12-Google versus Microsoft in the Office
Google has entered Microsoft’s most treasured domain, the office suite. Google offers its Apps for free. Using these Apps, a consumer may prepare basic reports and spreadsheets. Google claims two advantages over Microsoft with its Apps product: it operates on the internet, and it is free or very inexpensive in its premium version. So, what might be the outlook be for both Google and Microsoft?
Microsoft has to worry, but not too much at this stage of the game. Over the last few years, we have analyzed several hundred low-end competitors entering a market against an established industry leader. We found that there are four types of low-end competitors. Google is what we call a Stripper product. It offers less functionality and features for a much lower price. These Stripper products rarely achieve market shares greater than 15%, and often much less. Generally, the savings that the consumer sees in the price of the product comes at the expense of product features and reliability that most consumers do not want to give up. So, assuming Microsoft stands still, Google may get a small market share, but probably not enough to really damage Microsoft.
Of course, Microsoft is unlikely to stand still. It has the ability to put its services online just as does Google. The response to a low-end competitor, though, depends on the specific circumstances of each industry. We found that companies, like Microsoft, need to ask themselves a number of questions in sequence to arrive at the best answer for a low-end competitor.
Of course, Google is unlikely to stand pat either. If Google finds a way to make money with its business model, it is likely to invest most of its profits in improving its product to become a true competitor for Microsoft. This has happened in many industries where low-end competitors achieve a foothold in the marketplace. The motorcycle industry in the 1970s is one example that comes to mind, where Honda became a world class competitor by starting at the low-end of the marketplace and working its way up the market.
One thing to watch over the next year or two is whether any large companies adopt the Google Apps product. Google claims several large companies are testing its service. If these tests prove successful for Google, then Microsoft’s challenge is considerably greater because Google will have the resources to upgrade its product sooner rather than later.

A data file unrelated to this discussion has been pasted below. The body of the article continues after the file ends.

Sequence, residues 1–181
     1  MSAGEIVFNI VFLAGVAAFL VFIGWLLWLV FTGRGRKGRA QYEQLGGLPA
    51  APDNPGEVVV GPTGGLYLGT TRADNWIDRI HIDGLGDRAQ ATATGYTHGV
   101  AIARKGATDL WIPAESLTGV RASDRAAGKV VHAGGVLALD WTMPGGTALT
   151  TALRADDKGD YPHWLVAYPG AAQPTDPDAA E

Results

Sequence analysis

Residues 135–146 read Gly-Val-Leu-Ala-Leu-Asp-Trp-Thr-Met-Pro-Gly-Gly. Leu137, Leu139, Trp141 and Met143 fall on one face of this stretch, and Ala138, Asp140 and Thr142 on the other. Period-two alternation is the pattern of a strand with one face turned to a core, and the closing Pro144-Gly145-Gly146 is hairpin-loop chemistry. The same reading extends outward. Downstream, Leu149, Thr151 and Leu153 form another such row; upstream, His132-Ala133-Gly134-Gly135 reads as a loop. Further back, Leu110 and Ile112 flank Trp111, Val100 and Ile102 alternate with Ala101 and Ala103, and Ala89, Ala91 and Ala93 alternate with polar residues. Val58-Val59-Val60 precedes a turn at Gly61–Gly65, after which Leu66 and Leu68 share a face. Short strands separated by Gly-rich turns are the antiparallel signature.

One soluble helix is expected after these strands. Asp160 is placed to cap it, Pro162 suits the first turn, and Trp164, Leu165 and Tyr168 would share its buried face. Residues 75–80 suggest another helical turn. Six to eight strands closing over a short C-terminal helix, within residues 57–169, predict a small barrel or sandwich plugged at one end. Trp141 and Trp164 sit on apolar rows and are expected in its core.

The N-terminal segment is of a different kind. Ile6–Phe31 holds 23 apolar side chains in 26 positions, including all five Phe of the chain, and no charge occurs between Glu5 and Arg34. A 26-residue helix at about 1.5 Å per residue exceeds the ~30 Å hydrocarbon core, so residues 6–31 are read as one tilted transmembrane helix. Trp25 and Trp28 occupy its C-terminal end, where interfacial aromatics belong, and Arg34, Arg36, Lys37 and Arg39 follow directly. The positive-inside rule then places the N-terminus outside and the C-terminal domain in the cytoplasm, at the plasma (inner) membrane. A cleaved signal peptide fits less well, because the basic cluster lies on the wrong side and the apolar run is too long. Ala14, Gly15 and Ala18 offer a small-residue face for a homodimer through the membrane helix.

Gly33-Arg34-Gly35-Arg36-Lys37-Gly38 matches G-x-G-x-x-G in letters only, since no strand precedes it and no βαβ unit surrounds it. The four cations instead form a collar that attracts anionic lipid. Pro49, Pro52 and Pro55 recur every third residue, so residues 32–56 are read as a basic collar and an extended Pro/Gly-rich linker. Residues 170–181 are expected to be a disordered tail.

Google succeeded remarkably well. Statista reported in May 2021 that Microsoft’s Office 365 controlled around 47 percent of the market share for major office suite technologies worldwide. Google’s office suite, the other major competitor in the market recently lost the share lead to Office 365. Both serve thousands of businesses. In the 2022 US market, Google’s G Suite leads the market with 59% share, office 365 follows at 40%
In late 2021, Versus found that Google Workspace starts at $6 per user, per month and Microsoft 365 starts at $5 per user, per month. However, the two base plans are not totally comparable for those looking for business email, since the lowest-tier Microsoft plan doesn’t include Outlook.
In higher-tier plans, Google Workspace remains the best value with a lower price for comparable apps, plus it offers double the storage. A Google Workspace plan does not require an annual contract, whereas Microsoft’s subscriptions are only billed on an annual basis.
This superb success of Google in Microsoft’s backyard is more a reflection of Microsoft’s failure than it is of Google’s success. Google started with a lesser product at very low pricing. It clearly had far less economies of scale than had Microsoft in the space. Google used its low pricing to gain a great deal of market share and achieve economies of scale as good as or better than Microsoft in the office suite space. Google then used the profits from its increasing market share to develop an excellent product, one easily capable of matching up with Microsoft. Microsoft had to allow this low pricing strategy to succeed. Had Microsoft responded aggressively with its own low pricing and Price Leader product, Google never could have achieved the success it has realized over the last few years.
THE SOURCES OF STRATEGYSTREET.COM: For over 30 years we observed the evolution of more than 100 industries, many hostile. We put their facts into frameworks applicable to all industries and found patterns. Strategystreet.com describes the inductive results of these thousands of observations and their patterns.
HOW CAN THESE BLOGS HELP ME?
If you face a competitive marketplace, read these blogs. We wrote them to help you make better decisions on segments, products, prices and costs based on the experience of companies in over 85 competitive industries. Much of the world suffered a severe recession from 2008 to 2011. During that time, we wrote more than 270 blogs using publicly available information and our Strategystreet system to project what would happen in various companies and industries who were living in those hostile environments. In 2022, we updated each of these blogs to describe what later took place. You can use these updated blogs to see how the Strategystreet system works and how it can lead you to better decisions.